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Psych professor puts general knowledge to the test
New research by Professor of Psychology Matthew Kelley, along with Ian Neath and Aimée Surprenant from the Memorial University of Newfoundland, was just published in the prestigious Journal of Experimental Psychology: Learning, Memory, & Cognition.
When people are asked to remember a list of words, they tend to remember the first few items (primacy effect) and the last few items (recency effect) well, but are poor at remembering middle items—this pattern of performance is known as a serial position function. Serial position functions are ubiquitous in episodic memory tasks lasting from milliseconds to seconds, minutes to hours, days to years.
Serial position functions also have been observed in a few semantic memory tasks, such as when people remember the order of political figures (i.e., the first and last few presidents are recalled better than the middle presidents, with the exception of Abraham Lincoln). Prior research from the Kelley lab also showed serial position functions when people recalled the order of song lyrics, movie releases, and books in a series.
These findings suggest that a general principle of memory might operate over the short- and long-term, as well as across memory systems (episodic memory, semantic memory). The “relative distinctiveness principle” can be characterized by a pair of equations and can account for human memory performance in a wide variety of tasks.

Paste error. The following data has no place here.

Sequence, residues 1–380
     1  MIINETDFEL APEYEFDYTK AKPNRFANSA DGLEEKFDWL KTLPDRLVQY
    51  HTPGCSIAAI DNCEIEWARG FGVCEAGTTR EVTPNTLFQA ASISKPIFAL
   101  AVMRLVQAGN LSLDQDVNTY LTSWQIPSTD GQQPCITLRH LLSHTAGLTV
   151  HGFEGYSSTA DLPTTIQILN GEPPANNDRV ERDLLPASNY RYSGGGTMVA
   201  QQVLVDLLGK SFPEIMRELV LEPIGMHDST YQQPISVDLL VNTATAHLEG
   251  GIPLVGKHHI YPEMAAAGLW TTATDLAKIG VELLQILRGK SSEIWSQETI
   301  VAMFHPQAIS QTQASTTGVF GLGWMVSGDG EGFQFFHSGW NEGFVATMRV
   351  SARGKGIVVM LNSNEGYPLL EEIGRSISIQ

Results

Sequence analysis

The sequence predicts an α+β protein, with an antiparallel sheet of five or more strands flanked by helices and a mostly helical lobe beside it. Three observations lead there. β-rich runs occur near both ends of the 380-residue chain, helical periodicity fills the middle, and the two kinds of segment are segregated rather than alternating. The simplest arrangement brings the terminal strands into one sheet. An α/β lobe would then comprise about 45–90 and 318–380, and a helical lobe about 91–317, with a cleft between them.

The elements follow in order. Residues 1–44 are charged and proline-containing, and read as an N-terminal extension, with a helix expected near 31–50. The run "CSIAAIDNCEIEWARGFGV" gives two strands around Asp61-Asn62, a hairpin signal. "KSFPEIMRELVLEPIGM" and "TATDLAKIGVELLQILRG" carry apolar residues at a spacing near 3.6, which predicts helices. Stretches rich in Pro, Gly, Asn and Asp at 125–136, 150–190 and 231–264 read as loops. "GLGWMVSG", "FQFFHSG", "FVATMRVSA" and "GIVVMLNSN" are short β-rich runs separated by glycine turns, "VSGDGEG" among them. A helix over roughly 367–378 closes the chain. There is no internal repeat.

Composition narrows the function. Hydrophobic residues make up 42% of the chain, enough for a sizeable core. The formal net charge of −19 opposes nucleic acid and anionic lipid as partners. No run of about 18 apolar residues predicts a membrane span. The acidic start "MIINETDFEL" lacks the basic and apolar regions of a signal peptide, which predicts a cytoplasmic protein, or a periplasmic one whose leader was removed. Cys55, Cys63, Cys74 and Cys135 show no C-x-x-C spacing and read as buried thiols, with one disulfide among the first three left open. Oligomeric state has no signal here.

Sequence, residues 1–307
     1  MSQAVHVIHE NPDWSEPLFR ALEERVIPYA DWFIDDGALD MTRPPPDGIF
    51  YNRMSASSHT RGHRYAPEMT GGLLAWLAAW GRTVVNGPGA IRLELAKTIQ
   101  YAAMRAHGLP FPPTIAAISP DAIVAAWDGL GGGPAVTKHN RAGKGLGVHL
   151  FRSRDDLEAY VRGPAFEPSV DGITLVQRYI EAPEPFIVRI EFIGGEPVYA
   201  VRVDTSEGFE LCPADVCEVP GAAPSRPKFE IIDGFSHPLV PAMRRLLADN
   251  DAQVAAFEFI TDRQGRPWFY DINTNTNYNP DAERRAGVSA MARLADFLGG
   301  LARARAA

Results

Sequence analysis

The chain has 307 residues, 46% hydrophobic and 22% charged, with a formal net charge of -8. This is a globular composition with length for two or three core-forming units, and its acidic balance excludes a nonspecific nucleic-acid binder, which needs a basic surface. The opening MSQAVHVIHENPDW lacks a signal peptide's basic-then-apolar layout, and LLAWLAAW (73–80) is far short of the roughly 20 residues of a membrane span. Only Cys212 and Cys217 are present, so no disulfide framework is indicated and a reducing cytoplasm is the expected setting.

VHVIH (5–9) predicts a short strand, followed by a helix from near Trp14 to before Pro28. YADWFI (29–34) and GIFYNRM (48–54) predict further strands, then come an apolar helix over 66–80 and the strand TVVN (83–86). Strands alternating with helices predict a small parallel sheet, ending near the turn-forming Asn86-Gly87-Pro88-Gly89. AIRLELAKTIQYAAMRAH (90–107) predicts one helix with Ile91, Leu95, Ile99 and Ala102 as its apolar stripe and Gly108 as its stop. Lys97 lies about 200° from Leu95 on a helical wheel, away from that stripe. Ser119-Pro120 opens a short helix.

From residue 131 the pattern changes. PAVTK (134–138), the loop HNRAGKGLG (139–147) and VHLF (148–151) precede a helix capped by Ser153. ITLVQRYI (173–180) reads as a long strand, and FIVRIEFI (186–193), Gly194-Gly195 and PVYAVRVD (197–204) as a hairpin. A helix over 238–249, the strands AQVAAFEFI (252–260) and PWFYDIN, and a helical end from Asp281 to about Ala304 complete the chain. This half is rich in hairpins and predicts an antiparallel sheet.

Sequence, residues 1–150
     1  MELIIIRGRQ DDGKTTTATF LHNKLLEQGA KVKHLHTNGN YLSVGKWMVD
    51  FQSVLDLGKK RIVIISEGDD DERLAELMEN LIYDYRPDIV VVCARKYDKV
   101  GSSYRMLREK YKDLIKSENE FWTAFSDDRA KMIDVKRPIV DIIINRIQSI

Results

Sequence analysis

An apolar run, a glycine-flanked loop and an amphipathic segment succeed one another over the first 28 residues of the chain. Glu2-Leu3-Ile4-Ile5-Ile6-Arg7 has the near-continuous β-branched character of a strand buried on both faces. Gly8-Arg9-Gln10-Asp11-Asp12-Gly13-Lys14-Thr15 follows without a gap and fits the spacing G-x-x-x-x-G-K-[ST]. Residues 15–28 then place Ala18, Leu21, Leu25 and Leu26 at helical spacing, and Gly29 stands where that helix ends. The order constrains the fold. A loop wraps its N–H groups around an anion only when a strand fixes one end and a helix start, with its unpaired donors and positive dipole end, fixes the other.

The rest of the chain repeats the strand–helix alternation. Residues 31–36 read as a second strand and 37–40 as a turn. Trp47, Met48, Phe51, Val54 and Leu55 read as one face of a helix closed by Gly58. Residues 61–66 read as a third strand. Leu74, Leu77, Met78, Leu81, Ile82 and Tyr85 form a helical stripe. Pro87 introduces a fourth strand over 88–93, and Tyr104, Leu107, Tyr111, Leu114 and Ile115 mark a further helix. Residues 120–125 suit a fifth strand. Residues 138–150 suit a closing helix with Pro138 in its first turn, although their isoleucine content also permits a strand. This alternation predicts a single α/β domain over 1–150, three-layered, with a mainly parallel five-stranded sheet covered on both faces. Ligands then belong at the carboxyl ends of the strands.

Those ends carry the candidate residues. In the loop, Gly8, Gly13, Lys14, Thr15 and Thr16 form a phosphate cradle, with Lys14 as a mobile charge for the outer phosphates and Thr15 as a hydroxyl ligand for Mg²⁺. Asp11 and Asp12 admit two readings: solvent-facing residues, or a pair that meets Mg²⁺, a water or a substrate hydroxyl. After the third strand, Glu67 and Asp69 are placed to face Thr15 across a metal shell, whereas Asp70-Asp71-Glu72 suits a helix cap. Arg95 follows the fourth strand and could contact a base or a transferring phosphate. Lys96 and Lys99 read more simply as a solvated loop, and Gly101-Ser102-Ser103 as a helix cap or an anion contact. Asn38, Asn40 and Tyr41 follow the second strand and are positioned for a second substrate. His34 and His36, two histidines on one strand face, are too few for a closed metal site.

The principle states that: If a set of items can be reasonably ordered along a given dimension, the first and last few items will be more distinct than middle items simply by virtue of the fact that they have fewer neighbors on one side. In contrast, an otherwise comparable set of items that cannot be reasonably ordered should show no such primacy and recency effects. For example, there is no obvious way of ordering the names of the seven dwarves, and there is correspondingly no serial position function observed when they are recalled. But there are a number of ways of sensibly ordering many stimuli.
In the present study, people ordered exemplars from various categories along a specified dimension—specifically, actors by age, animals by weight, basketball players by height, countries by area, and planets by diameter. In all cases, serial position functions were observed in this general knowledge task and the data were consistent with the predictions of the relative distinctiveness principle.
In addition to the November publication of their article, Kelley, Neath, and Surprenant will present their work later this week at the Annual Meeting of the Psychonomic Society—the premier cognition conference—which happens to be in Chicago this year.